The Connection Crisis

Day 61: Monday

Good morning Zak,

Remember this post from before Christmas?

I wish I could bring you back something that would summarize what Milano means to me… There’s just something in the air here that I wish I could share with you.  Cigarette smoke, smog, and then something else.

What I ended up getting you was coffee and conversation.  Here in Italy, coffee is what you Americans call “espresso.”  In retrospect maybe I should have gotten a different gift, since the coffee-drinking habit might kill us some day.  On the bright side, it may also help us live longer

Many news sources and journalists say that our society is entering a post-truth age.  This is supposedly a recent development.

“What is truth?” -Pontus Pilate c. 32 A.D.


The public too often disposes of facts and evidence in favor of conspiracy theories and other unfounded nonsense.  In a post-truth society, science and fact are sometimes replaced by gut-feeling, superstition… and mystery.

Every year in ancient Greece there used to be this famous religious rite known as the Eleusinian Mysteries.  Maybe you’ve heard of it.  This was an initiation ceremony for the cult of Demeter and Persephone.  As any good history student can tell you, participants in this ceremony were required to… well…

We have no idea what they did.  It’s called the Eleusinian Mysteries not the Eleusinian Tell-Everyones.  Initiates to the cult were required to keep its practices a secret, and they remain a secret to this day.

It’s easy to understand why people were attracted to this sort of thing—it’s about connection.  I mean, secrets can be a lot of fun. They can bring people closer together.  As a case and point, take our blog’s secret peer review process for unusual uses of spoons.  It’s nice to be a part of a small community that shares certain exclusive knowledge—even if that knowledge is of no real consequence.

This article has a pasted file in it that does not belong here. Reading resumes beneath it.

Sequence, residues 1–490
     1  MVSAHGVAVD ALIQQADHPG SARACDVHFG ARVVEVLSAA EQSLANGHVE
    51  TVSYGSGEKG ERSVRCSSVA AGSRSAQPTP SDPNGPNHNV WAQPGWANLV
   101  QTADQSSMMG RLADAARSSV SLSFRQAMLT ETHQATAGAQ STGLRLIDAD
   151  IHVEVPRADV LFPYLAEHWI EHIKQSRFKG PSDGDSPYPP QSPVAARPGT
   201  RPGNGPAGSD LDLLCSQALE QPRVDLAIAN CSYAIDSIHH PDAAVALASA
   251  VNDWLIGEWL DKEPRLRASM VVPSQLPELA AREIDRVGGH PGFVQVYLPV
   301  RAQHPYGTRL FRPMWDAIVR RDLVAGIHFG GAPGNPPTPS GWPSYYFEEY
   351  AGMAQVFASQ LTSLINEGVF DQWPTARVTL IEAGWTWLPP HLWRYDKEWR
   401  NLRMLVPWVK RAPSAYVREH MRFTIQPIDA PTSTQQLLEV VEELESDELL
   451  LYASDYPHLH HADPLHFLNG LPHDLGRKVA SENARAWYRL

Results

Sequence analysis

fvf-lgThe scientific community is like that.  It has its secrets I mean.  Only scientists really understand why we believe humans evolved from fishes, or how the entire universe once fit into a mass the size of a golf ball.  As a layperson, I don’t really have access to all the data and methods that lead to those conclusions.  But Bill Nye, Neil Degrasse Tyson, and other public pundits insist that I adopt these beliefs and the ideologies that accompany them as an article of faith.  Faith in a method and process that I do not see.

Speaking of faith, it might be worth pointing out that the modern English word “pundit” comes from the Sanskrit paṇḍita—a Hindu pandit is a priest or wise-person.

The gradual dogmatization of science has begun to cause us problems.  Whenever philosophical opinion gets presented as scientific fact, it undermines faith in the objectivity of the field as a whole.  Needless to say, this is starting to have very negative consequences…

280px-a_small_cup_of_coffeeBut the biggest problem with the cult of science has nothing to do with politics.  In my view, the main issue is much more personal—it’s about connection.  Unlike traditional cult mysteries, the secrets of science don’t bring people together; if anything they do the opposite.  The founders of the new religion have failed to consider some very fundamental questions: where are the faithful supposed to gather? what rituals will they perform together?